Will our time spent on social media become of value in its own right?
Esther Dyson says the creation of value through social media defies conventional economics
I was recently posed this question: "The most important way in which the internet and online social media are changing our world is [fill in the blank]." My standard answer is that it changes the balance of power between individuals and institutions. But this was a sophisticated audience of economists and students.
So I challenged the audience to consider the following: For much of human history, there was no economy based on trade and fungible goods. People operated in small groups and fended for themselves.
Our world today is a mix of people still subsisting with almost no income, people generating (and consuming) surpluses, and other people consuming surpluses generated by others. Many activities that were previously performed "for free", such as sex and home maintenance, are now frequently outsourced and counted as economic output.
But the internet is changing that in a way that may befuddle companies, which view it primarily as an economic platform.
Many individuals go online with no intention of buying something. They are there to find out about the world, catch up with friends, play games, listen to music or chat - and, increasingly, to get the attention of other people. Thanks to highly productive surplus economies, they can spend a lot more time being economically inactive.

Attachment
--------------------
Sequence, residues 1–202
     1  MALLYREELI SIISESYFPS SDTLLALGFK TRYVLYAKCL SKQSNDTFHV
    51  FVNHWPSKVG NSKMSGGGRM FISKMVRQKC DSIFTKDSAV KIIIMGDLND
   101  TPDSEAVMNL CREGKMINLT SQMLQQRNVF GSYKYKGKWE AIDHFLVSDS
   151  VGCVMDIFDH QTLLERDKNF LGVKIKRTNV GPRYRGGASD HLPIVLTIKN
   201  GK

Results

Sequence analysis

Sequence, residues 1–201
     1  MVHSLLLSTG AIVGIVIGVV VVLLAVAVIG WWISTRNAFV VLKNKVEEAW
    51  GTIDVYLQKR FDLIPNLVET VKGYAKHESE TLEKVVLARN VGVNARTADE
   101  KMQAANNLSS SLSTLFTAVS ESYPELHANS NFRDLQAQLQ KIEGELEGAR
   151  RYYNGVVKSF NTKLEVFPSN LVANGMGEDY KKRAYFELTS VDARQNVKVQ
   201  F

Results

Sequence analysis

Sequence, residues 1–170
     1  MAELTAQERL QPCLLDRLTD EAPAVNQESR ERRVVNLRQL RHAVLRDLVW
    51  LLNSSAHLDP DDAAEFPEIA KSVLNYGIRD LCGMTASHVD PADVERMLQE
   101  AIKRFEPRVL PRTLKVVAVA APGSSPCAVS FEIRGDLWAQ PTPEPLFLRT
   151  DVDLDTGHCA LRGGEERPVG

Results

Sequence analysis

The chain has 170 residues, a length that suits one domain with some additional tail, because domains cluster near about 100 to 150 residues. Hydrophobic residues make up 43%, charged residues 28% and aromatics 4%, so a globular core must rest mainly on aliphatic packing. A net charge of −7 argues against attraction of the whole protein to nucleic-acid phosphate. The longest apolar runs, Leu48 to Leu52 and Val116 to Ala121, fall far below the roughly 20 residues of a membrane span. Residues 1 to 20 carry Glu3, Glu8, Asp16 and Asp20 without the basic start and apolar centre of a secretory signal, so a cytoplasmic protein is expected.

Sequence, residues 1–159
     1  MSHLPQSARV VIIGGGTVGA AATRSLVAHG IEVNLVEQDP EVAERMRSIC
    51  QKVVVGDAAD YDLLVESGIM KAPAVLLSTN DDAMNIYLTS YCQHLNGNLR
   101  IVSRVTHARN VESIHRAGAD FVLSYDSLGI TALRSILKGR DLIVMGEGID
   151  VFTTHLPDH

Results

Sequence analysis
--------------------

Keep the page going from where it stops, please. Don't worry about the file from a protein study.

The question is whether we will start doing more and more intellectual work for free or barter, becoming more like our ancestors. Instead of producing food or housing, we will produce amusement and content for one another, without engaging in explicit (taxable) financial exchange. The economic and psychological implications of this are profound. It seems clear that most people gain self-esteem and mental health from doing something useful.
For economists and traditional businesses, at least, this future disturbs traditional notions of economic growth. If we generate our own economic surplus without accounting for it - what the American writer Clay Shirky calls "cognitive surplus" - how will it affect reported economic data and, ultimately, shape incentives and activities? Will a world of cognitive surplus make us more environmentally responsible, guided also by the inclusion of externalities in the prices of physical goods, so that we end up "consuming" fewer physical things and spend more on virtual value?
This attention economy is not the intention economy beloved by vendors. Rather, attention here has its own intrinsic, non-monetised value. Just as we are driven to spread our physical DNA, so apparently do we have an urge to spread our virtual identities, so that we cannot be erased. Instead of physical descendants, we offer our virtual selves to posterity.
Esther Dyson, CEO of EDventure Holdings, is an active investor in a variety of start-ups around the world